Bills Digest no. 9, 2007-08 - Australian Technical Colleges (Flexibility in Achieving Australia's Skills Needs) Amendment Bill (No. 2) 2007


Bills Digest no. 9 2007–08

Australian Technical Colleges (Flexibility in Achieving Australia's Skills Needs) Amendment Bill (No. 2) 2007

This Digest was prepared for debate. It reflects the legislation as introduced and does not canvass subsequent amendments. This Digest does not have any official legal status. Other sources should be consulted to determine the subsequent official status of the Bill.


Passage history
Financial implications
Key issues
Main provisions
Contact officer & copyright details

Passage history

Australian Technical Colleges (Flexibility in Achieving Australia's Skills Needs) Amendment Bill (No. 2) 2007

Date introduced: 20 June 2007

House: House of Representatives

Portfolio: Education, Science and Training

Commencement: Royal Assent

Links: The relevant links to the Bill, Explanatory Memorandum and second reading speech can be accessed via BillsNet, which is at When Bills have been passed they can be found at ComLaw, which is at


The purpose of the Australian Technical Colleges (Flexibility in Achieving Australia's Skills Needs) Amendment Bill (No. 2) 2007 (the Bill) is to amend the Australian Technical Colleges (Flexibility in Achieving Australia's Skills Needs) Act 2005 (the Act) to implement a 2007 08 budget measure for the establishment and operation of another three Australian Technical Colleges (ATCs). [1] These ATCs, catering for approximately 900 students, will be located in Northern Perth, Southern Brisbane and the greater Penrith region of NSW. They are scheduled to open by 2009.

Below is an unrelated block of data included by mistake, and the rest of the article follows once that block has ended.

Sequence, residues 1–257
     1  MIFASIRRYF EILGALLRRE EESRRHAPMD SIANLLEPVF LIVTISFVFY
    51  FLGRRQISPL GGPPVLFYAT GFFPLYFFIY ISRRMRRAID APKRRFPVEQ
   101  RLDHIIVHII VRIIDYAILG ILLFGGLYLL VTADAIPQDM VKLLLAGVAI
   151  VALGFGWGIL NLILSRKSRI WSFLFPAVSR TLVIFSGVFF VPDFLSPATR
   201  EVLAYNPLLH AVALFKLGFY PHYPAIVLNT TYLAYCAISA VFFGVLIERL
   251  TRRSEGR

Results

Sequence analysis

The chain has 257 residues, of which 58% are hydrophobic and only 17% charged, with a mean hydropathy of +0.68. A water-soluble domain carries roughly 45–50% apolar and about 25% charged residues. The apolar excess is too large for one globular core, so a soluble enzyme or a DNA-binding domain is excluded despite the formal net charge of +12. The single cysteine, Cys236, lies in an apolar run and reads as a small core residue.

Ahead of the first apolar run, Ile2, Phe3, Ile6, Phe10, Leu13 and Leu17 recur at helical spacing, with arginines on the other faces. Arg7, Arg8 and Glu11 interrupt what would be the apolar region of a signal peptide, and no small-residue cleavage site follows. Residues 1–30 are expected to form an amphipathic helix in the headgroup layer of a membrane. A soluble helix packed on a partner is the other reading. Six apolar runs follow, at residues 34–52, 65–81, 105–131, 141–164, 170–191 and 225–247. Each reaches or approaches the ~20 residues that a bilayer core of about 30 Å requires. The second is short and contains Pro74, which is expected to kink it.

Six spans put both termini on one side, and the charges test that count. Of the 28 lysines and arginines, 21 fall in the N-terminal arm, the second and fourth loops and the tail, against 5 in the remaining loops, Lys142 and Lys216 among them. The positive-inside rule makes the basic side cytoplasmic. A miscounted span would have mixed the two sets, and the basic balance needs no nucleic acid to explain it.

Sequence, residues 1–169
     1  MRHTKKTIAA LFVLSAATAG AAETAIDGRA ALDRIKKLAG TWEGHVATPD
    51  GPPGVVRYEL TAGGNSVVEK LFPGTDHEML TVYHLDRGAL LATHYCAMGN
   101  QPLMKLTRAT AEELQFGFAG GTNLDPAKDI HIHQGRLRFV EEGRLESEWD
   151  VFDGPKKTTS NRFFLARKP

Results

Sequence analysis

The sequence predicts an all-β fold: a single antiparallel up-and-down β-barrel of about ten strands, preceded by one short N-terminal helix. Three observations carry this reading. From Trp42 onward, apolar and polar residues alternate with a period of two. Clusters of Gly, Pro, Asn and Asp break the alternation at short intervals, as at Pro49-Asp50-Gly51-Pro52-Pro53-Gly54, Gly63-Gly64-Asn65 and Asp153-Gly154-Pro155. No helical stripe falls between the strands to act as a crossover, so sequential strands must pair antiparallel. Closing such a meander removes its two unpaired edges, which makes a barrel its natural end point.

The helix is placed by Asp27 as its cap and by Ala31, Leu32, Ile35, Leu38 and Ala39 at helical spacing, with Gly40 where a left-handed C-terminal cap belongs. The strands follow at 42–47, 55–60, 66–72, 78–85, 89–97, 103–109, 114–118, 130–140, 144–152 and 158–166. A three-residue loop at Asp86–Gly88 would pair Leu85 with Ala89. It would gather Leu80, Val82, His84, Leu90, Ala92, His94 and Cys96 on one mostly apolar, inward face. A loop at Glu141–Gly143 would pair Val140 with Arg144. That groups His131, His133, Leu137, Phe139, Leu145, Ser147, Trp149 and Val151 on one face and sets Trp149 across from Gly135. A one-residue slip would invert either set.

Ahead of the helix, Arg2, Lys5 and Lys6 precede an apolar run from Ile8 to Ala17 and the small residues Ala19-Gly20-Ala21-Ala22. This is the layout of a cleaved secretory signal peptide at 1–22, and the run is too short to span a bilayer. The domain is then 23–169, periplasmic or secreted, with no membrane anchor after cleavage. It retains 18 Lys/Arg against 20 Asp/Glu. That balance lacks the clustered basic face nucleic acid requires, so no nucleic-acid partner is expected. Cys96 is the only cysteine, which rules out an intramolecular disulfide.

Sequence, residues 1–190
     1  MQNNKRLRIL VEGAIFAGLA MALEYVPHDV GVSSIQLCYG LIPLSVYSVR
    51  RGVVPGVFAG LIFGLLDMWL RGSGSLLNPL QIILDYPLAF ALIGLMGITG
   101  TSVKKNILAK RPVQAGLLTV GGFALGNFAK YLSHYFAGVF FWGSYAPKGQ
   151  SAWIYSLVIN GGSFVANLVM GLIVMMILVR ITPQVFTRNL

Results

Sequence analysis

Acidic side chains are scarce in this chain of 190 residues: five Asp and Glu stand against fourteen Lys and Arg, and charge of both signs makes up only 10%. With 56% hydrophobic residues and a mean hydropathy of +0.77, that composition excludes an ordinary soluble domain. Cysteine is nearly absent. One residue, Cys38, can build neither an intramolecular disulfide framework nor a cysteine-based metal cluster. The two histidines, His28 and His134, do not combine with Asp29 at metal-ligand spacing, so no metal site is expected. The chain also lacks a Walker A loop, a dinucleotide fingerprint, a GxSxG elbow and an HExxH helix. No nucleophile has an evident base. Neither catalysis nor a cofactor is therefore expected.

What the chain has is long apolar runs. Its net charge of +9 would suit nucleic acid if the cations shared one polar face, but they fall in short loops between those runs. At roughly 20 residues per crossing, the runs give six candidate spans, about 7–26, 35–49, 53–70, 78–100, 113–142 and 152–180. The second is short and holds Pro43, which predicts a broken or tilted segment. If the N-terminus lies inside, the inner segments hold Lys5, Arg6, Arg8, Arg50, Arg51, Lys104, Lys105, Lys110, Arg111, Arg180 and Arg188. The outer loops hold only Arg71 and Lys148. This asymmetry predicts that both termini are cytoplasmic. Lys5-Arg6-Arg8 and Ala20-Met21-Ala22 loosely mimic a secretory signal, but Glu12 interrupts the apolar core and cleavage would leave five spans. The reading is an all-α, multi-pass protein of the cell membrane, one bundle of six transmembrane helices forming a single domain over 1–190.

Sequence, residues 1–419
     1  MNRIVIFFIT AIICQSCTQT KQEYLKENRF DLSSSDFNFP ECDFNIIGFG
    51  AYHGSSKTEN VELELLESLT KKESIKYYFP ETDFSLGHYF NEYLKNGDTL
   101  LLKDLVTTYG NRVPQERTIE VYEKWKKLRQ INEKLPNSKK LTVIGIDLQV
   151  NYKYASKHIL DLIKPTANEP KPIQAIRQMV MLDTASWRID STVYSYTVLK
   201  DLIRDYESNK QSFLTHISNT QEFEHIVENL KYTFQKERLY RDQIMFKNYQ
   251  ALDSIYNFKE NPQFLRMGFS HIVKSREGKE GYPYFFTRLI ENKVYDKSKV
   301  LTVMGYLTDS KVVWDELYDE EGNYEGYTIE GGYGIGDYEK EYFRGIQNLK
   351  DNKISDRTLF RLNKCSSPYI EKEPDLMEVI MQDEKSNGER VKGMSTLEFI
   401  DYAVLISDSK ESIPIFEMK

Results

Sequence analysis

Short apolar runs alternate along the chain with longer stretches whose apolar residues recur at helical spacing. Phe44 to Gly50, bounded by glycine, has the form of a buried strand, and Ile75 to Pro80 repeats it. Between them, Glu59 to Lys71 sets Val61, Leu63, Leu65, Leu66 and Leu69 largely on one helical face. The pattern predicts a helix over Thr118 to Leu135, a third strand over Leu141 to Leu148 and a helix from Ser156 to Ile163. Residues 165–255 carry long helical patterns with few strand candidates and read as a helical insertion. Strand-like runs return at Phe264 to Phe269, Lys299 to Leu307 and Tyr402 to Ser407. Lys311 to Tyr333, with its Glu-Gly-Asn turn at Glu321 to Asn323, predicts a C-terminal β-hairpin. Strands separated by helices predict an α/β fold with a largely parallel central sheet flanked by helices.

ATCs were established as the result of a 2004 Coalition election policy commitment. They are part of the government s broader strategy to address skills needs in the case of ATCs, in regional areas where there is a high youth population and a strong industry base.

ATCs operate as schools, providing both academic and vocational education and training (VET) programs for Year 11 and Year 12 students. They are directly funded by the Australian Government and are run by consortia which can include representatives from local businesses, industry, schools, and training organisations. As explained in recent Senate Estimates hearings, there is no single model for their operation:

The delivery models vary significantly across the colleges. Some of them are stand alone, which means that they are providing all the academic and trade training in the school or in the college. Others are partnering with existing organisations and using existing infrastructure. So some of those are purchasing or outsourcing their trade training to existing RTOs (registered training organisations). [2]